For the Birds Radio Program: Superlative Birds
What’s the slowest flying bird in the world? The highest flier? Laura Erickson gives the answers on today’s For the Birds. (4:15) Date confirmed.
I just bought a copy of The Illustrated Encyclopedia of Birds, put out by the International Council for Bird Preservation. This book contains a wealth of general information about birds of the world, and my favorite section is about remarkable birds. That’s where we read who the fastest bird in the world. According to this book, it’s the Peregrine Falcon, diving or stooping at 180 miles per hour. Actually, some ornithologists have clocked the Prairie Falcon at over 200, but let’s not quibble. The fastest bird in level flight is a duck—the Common Eider, which easily flies over 47 miles per hour. A hunter who manages to bring one of these speedy creatures down usually regrets it upon sitting down to dinner. Eiders, like mergansers, eat fish, and in turn taste highly fishy. The slowest bird in powered flight, as opposed to hovering in one spot or circling on a thermal, is another game bird, the American Woodcock, who can rev up to only a measly 5 miles per hour. The newest technique for hunting these little morsels is to get a high-tech dog collar that makes a special beep when the dog goes on point. This way not only does the hunter not have to find the bird on his own to begin with, which I admit is hard, but he also doesn’t even need to pay attention to his dog. This so-called sportsman can sit around chatting with newspaper reporters or doing nothing at all until he hears the signal, then mosey on off to find the dog and bring down the slowest bird on earth. Of course, woodcock are pretty erratic fliers, and it does take shooting skill to bring one down, especially when the hunter is tramping through the woods and comes upon one unexpectedly. That’s why I’ve always liked them—they tend to know the woods and be both skilled marksmen and naturalists. Unfortunately, technology has dampened my admiration.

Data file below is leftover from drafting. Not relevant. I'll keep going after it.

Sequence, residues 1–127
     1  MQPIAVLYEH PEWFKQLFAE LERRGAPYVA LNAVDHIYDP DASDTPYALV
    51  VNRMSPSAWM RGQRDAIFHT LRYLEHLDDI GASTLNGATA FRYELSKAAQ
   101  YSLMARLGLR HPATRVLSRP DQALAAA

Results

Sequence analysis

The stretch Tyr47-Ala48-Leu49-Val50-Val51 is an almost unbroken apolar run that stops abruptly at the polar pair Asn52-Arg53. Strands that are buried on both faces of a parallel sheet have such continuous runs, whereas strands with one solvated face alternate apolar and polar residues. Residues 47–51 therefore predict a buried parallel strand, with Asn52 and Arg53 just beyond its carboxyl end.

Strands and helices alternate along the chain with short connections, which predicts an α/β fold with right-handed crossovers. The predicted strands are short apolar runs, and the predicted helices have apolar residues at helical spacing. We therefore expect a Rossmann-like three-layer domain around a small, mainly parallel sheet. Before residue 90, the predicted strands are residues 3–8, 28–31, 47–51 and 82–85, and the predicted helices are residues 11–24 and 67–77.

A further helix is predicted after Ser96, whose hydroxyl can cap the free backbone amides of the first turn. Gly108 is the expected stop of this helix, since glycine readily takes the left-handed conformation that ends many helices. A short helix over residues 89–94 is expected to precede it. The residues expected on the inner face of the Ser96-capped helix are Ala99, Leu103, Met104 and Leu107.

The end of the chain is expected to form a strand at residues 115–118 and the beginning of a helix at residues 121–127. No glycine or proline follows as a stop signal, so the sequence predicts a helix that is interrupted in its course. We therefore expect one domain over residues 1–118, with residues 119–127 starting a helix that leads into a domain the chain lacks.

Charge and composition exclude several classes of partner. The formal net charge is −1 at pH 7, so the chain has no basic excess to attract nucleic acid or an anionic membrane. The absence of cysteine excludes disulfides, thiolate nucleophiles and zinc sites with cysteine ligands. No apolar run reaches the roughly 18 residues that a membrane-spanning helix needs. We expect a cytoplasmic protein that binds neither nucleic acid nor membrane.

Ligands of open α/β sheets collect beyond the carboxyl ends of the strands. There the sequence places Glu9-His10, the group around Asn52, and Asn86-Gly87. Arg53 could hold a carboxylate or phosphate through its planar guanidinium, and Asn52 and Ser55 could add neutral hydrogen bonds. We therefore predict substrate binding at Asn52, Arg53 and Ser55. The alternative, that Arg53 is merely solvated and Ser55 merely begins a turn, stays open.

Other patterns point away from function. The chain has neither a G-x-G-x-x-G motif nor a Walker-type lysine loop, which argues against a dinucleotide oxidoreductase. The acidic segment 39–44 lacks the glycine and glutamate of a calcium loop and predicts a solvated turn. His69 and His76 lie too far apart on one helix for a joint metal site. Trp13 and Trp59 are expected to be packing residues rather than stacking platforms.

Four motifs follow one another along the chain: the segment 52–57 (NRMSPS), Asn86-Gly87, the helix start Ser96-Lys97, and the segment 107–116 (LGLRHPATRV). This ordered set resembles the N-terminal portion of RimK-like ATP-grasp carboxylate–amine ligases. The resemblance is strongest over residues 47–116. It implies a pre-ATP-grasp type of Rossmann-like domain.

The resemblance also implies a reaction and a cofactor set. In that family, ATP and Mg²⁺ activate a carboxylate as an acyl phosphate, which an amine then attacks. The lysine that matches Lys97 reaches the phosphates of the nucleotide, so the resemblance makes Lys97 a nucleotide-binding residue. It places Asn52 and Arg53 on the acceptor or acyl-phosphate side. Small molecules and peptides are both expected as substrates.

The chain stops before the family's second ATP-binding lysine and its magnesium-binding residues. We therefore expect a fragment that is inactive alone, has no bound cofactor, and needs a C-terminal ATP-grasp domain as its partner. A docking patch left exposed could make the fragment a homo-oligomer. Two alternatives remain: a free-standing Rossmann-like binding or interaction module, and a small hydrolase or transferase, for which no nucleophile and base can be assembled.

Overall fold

This highest flying bird is Rueppell’s Griffon, a vulture-like bird that has been seen at 37,000 feet. This species has big, broad wings for soaring, and so doesn’t have the heavy oxygen requirements of a fast-flapping bird. The deepest diving bird is the Emperor Penguin, which can dive down to about 870 feet, and has stayed submerged for 18 minutes. Our good old Minnesota loon is the deepest-diving bird that can also fly. Loons have been caught in nets 265 feet below the surface. The fastest swimmer is another penguin, the Gentoo, which can go 17 miles per hour in short bursts. The Eurasian Swift is the most aerial of land birds, remaining airborne for up to three years before touching down to breed. But the Sooty Tern is the most aerial of all. Some of these birds have not come to earth for a landing until they were eight or ten years old. They catch fish by lightly winging along the ocean’s surface, and have a light enough body to feel just fine winging through a lifelong marathon.
The heaviest bird in the world is also the fastest runner, the ostrich. The fastest running bird that can also fly is our good old roadrunner. The bird with the most feathers—at least, the most feathers that someone has actually counted—is the Whistling Swan, which has 25,216 feathers. I bet if someone counted a Trumpeter Swan’s feathers, it could beat that. The bird with the fewest feathers is our own Ruby-throated Hummingbird, which has 940. Again, I bet a Bee Hummingbird has fewer, but for some reason or another, no one has ever gotten around to counting the feathers on one of them. All in all, these remarkable birds really are superlative.